SURINAME



 

Also known as: Beating Heart of the Amazon
Motto: Justita, Pietas, Fides (Justice, Peace and Prosperity)

History Originally, Amerindians inhabited the country up to the 15th century. First explored by the Spaniards in the 16th century, settlers eventually came from England, The Netherlands and Germany among others.  Struggle for possession by the French, British and Dutch ended when Suriname became a Dutch colony in 1667. Slavery was abolished in 1863 and workers were brought in from India and Java. The country gained independence in 1975, and in February 1980 a military coup brought commander Desi Bouterse into power.  In 1987 national elections were held and democracy was restored.  In October 1997 an attempt to overthrow the government was foiled and a democratically elected government, a four party - New Front coalition - gained power and has retained power ever since. In 2005, the coalition expanded to eight parties.

Geography  
Location: On the northern coast of South America, bordered by the Atlantic Ocean on the North, Guyana to the West, French Guiana to the East and Brazil to the South.
Geographic coordinates: 4 00 N, 56 00 W
Area: total: 163,820 sq km
country comparison to the world: 98
land: 156,000 sq km
water: 7,820 sq km
Land boundaries: total: 1,703 km
border countries: Brazil 593 km, French Guiana 510 km, Guyana 600 km
Coastline: 386 km
Maritime claims: territorial sea: 12 nm
exclusive economic zone: 200 nm
Climate: tropical; moderated by trade winds
Terrain: mostly rolling hills; narrow coastal plain with swamps
Elevation extremes:  lowest point: unnamed location in the coastal plain -2 m
highest point: Juliana Top 1,230 m
Natural resources: timber, hydropower, fish, kaolin, shrimp, bauxite, gold, and small amounts of nickel, copper, platinum, iron ore
Land use: arable land: 0.36%
permanent crops: 0.06%
other: 99.58% (2005)
Environment - current issues: deforestation as timber is cut for export; pollution of inland waterways by small-scale mining activities
Geography - note:
 
smallest independent country on South American continent; mostly tropical rain forest; great diversity of flora and fauna that, for the most part, is increasingly threatened by new development; relatively small population, mostly along the coast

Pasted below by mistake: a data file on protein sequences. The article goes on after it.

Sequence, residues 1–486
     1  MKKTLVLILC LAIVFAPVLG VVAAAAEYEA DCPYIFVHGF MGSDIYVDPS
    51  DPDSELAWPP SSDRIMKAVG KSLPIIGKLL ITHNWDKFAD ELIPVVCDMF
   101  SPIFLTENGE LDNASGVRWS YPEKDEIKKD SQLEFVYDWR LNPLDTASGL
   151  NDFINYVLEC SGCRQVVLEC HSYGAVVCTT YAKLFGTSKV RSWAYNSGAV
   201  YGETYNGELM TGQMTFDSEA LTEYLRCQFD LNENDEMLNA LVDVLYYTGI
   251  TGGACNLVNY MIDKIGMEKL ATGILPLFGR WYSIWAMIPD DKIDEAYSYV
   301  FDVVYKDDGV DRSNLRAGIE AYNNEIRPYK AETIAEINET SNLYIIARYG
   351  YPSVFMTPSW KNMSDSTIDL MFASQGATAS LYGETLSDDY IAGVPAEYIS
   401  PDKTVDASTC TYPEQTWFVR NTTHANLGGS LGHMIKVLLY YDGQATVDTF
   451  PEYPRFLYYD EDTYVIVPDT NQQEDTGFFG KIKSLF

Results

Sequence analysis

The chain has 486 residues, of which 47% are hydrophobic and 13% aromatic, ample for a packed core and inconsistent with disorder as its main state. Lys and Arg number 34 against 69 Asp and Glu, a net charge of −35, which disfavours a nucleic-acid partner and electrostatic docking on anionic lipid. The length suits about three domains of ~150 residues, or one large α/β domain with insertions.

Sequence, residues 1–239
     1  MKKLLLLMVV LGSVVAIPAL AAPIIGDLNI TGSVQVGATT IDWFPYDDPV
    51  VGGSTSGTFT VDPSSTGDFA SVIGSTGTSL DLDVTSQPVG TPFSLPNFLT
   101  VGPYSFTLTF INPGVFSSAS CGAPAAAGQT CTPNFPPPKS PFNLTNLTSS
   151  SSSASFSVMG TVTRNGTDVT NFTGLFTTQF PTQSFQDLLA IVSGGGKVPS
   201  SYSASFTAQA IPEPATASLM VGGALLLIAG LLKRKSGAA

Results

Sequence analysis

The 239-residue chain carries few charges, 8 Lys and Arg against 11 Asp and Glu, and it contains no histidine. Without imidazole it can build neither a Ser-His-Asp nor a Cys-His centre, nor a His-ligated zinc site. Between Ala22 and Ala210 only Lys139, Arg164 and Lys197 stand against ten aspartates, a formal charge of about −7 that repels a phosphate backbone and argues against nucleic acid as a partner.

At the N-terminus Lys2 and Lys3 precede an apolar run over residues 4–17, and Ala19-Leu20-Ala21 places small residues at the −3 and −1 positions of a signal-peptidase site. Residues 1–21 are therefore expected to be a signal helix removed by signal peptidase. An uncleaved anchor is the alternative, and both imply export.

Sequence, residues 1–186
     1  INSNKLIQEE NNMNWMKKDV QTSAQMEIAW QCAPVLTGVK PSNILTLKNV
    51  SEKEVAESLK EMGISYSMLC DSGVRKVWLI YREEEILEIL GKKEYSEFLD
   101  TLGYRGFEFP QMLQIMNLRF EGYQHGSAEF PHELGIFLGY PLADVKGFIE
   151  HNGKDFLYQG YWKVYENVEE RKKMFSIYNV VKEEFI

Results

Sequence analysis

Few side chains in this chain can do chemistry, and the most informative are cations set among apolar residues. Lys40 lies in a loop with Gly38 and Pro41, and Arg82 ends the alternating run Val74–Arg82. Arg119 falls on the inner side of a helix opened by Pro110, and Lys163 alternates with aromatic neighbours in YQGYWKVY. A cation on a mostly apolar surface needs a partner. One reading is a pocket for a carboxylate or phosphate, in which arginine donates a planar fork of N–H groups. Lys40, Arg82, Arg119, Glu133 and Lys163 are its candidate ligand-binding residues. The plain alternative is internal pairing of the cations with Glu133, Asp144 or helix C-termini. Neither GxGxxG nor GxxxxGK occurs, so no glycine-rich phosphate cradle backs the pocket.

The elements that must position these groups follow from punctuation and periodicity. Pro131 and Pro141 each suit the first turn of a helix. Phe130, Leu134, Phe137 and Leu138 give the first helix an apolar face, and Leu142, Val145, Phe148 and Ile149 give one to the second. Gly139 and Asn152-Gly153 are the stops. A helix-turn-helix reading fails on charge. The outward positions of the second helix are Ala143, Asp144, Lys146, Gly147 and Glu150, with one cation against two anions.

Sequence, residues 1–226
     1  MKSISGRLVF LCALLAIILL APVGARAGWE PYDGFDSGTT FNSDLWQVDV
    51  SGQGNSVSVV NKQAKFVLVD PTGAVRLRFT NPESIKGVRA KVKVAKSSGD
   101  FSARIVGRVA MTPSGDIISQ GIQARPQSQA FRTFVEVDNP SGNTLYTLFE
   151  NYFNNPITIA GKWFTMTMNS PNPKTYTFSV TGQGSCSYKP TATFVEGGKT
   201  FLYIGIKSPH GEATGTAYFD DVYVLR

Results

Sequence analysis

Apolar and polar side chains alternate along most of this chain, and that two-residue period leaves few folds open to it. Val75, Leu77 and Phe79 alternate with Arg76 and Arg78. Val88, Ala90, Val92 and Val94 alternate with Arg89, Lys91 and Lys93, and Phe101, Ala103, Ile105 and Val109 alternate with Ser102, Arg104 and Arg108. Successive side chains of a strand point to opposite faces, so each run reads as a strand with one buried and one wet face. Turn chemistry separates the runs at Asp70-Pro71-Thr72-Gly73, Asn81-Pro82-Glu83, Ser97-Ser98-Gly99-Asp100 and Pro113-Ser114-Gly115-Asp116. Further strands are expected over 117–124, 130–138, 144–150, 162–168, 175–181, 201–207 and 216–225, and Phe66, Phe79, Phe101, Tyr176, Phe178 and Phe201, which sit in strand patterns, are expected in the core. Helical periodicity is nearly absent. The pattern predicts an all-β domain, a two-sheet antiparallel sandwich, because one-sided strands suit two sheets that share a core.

People  
 Population: 481,267 (July 2009 est.)
Age structure: 0-14 years: 27.1% (male 66,603/female 64,035)
15-64 years: 66.6% (male 159,525/female 160,871)
65 years and over: 6.3% (male 13,004/female 17,229) (2009 est.)
Population growth rate: 1.103% (2009 est.)
Birth rate: 16.8 births/1,000 population (2009 est.)
Death rate: 5.51 deaths/1,000 population (July 2009 est.)
Net migration rate: -0.26 migrant(s)/1,000 population (2009 est.)
Urbanization:  urban population: 75% of total population (2008)
rate of urbanization: 1% annual rate of change (2005-10 est.)
Sex ratio: at birth: 1.07 male(s)/female
under 15 years: 1.04 male(s)/female
15-64 years: 0.99 male(s)/female
65 years and over: 0.76 male(s)/female
total population: 0.99 male(s)/female (2009 est.)
Nationality: noun: Surinamer(s)
adjective: Surinamese
Ethnic groups: Hindustani (also known locally as "East Indians"; their ancestors emigrated from northern India in the latter part of the 19th century) 37%, Creole (mixed white and black) 31%, Javanese 15%, "Maroons" (their African ancestors were brought to the country in the 17th and 18th centuries as slaves and escaped to the interior) 10%, Amerindian 2%, Chinese 2%, white 1%, other 2%
Religions: Hindu 27.4%, Protestant 25.2% (predominantly Moravian), Roman Catholic 22.8%, Muslim 19.6%, indigenous beliefs 5%
Languages: Dutch (official), English (widely spoken), Sranang Tongo (Surinamese, sometimes called Taki-Taki, is native language of Creoles and much of the younger population and is lingua franca among others), Caribbean Hindustani (a dialect of Hindi), Javanese
Literacy:
 
definition:age 15 and over can read and write
total population: 89.6%
male: 92%
female: 87.2% (2004 census)

Government  
Country Name: conventional long form: Republic of Suriname
conventional short form: Suriname
local long form: Republiek Suriname
local short form: Suriname
former: Netherlands Guiana, Dutch Guiana
Government type: : constitutional democracy
Capital: name: Paramaribo
geographic coordinates: 5 50 N, 55 10 W
Administrative divisions: 10 districts (distrikten, singular - distrikt); Brokopondo, Commewijne, Coronie, Marowijne, Nickerie, Para, Paramaribo, Saramacca, Sipaliwini, Wanica
Independence: 25 November 1975 (from the Netherlands)
National holidays: New Year's Day (01 January); Phagwah; Ash Wednesday; Good Friday; Easter Monday; Id-Ul-Fitr; Labour Day (01 May); Emancipation Day (01 July); Diwali; Independence Day (25 November); Christmas Day (25 December); Boxing Day (26 December)
Constitution: ratified 30 September 1987; effective 30 October 1987
Legal system: based on Dutch legal system incorporating French penal theory; accepts compulsory ICJ jurisdiction with reservations